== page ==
- If you can dream it, you can do it. Walt Disney
Have a Talbot-Lago T150 CSS
Of all the cars available in in the art deco era, the T150C was almost always transformed into rolling sculpture. Most of the cars were bodied by Figoni et Falaschi into some of the most voluptuous shapes sometimes referred to as the ‘Goutte d’Eau’ or teardrop.
During its era, the teardrop, also known as the ‘Goutte d’Eau’, was one of the select few automobiles that both redefined automotive style and won top-level races. Having successfully combined racing function and elegant form, the Teardrop became trend setting and motivated many other French manufacturers to consider more streamlined design.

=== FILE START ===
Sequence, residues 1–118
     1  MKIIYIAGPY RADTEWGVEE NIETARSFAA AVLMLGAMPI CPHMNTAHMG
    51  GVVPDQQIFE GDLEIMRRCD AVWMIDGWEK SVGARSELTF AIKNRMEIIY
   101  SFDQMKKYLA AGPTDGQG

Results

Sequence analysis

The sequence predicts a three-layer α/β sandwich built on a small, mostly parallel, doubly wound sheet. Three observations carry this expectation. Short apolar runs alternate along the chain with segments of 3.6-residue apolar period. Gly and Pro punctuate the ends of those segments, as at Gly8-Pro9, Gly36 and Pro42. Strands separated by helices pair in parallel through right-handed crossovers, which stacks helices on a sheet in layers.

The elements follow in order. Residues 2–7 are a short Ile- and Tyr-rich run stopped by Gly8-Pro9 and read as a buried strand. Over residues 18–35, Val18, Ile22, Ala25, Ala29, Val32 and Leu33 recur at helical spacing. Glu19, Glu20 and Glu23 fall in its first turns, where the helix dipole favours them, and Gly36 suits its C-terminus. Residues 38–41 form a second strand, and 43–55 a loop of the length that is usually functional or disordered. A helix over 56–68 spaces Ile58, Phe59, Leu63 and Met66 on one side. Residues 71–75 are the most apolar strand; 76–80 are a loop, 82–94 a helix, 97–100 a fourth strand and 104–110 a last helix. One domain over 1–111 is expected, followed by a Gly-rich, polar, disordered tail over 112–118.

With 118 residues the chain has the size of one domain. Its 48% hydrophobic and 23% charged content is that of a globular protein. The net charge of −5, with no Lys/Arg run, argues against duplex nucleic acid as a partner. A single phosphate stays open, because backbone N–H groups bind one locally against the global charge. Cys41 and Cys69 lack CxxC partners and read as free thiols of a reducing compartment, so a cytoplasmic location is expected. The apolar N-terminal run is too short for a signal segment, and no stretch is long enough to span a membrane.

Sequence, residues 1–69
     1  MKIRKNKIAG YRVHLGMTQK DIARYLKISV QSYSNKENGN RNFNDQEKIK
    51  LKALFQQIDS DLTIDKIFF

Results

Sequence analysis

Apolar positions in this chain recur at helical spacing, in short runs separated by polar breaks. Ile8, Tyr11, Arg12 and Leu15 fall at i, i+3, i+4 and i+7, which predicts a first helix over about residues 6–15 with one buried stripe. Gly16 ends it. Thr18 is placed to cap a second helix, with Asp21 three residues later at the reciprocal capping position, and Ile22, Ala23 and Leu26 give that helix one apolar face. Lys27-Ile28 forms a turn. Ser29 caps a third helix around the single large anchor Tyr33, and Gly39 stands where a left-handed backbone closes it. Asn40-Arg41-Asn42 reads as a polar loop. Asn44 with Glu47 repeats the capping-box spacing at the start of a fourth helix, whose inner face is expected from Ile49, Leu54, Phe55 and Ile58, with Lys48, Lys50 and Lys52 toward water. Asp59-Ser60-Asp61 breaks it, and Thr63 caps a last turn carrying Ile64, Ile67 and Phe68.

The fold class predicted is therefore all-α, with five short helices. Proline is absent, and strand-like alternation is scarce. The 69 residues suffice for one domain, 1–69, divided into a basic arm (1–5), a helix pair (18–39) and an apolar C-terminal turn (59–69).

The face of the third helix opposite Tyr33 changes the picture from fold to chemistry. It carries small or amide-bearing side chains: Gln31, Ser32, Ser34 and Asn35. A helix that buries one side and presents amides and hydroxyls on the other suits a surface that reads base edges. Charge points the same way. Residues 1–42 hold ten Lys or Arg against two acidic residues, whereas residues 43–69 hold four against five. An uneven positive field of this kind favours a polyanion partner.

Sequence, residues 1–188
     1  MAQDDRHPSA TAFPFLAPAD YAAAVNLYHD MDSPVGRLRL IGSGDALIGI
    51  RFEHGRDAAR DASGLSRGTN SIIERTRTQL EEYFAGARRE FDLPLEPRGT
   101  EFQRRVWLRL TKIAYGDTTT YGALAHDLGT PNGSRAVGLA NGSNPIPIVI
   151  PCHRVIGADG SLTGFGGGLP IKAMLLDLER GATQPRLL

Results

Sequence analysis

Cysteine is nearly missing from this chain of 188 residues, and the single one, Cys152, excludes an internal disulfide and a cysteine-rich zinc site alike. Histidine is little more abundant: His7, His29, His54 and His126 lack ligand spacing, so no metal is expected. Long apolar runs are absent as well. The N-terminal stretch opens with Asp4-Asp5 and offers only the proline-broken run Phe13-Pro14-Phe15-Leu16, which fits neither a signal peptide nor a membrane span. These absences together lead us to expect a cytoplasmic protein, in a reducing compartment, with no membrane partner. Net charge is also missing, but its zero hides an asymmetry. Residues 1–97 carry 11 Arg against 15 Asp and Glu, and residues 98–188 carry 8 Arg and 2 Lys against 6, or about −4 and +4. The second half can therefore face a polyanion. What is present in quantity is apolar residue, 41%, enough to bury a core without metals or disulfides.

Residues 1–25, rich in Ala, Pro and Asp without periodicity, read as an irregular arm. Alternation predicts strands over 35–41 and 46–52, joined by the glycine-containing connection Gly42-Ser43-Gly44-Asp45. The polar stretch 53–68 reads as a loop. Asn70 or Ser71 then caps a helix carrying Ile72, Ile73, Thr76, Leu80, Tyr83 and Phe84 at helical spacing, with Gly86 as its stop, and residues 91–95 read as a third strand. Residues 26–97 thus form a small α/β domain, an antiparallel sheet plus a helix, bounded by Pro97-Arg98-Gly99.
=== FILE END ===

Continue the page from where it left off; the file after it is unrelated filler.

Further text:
When Figoni & Falaschi unveiled the first Talbot-Lago T 150 C SS with Joseph Figoni’s streamlined coupe coachwork at the 1937 Paris Salon, onlookers were taken aback by its beauty. The press called it "goute d’eau." In English, the phrase translates best to "teardrop".
Only 16 Talbot-Lago T150 C chassis were bodied by Figoni & Falschi in the goutte d’eau coupe style. All shared Figoni’s signature teardrop fenders, steeply raked windshield, flush door handles, chrome accents and sloping fastback. Five were subtly notchbacked, known today as the "Jeancart" style after the buyer of the first example. The remaining 11 were, with one exception, were built on the sporting short-chassis T150 C SS and are today known as the Model New York style. The first was built for socialite Freddy McEvoy and debuted at the New York Auto Show in 1937. Each of the cars in the series is subtly different in concept and details, reflecting the desires of their individual client and the application for which they were intended.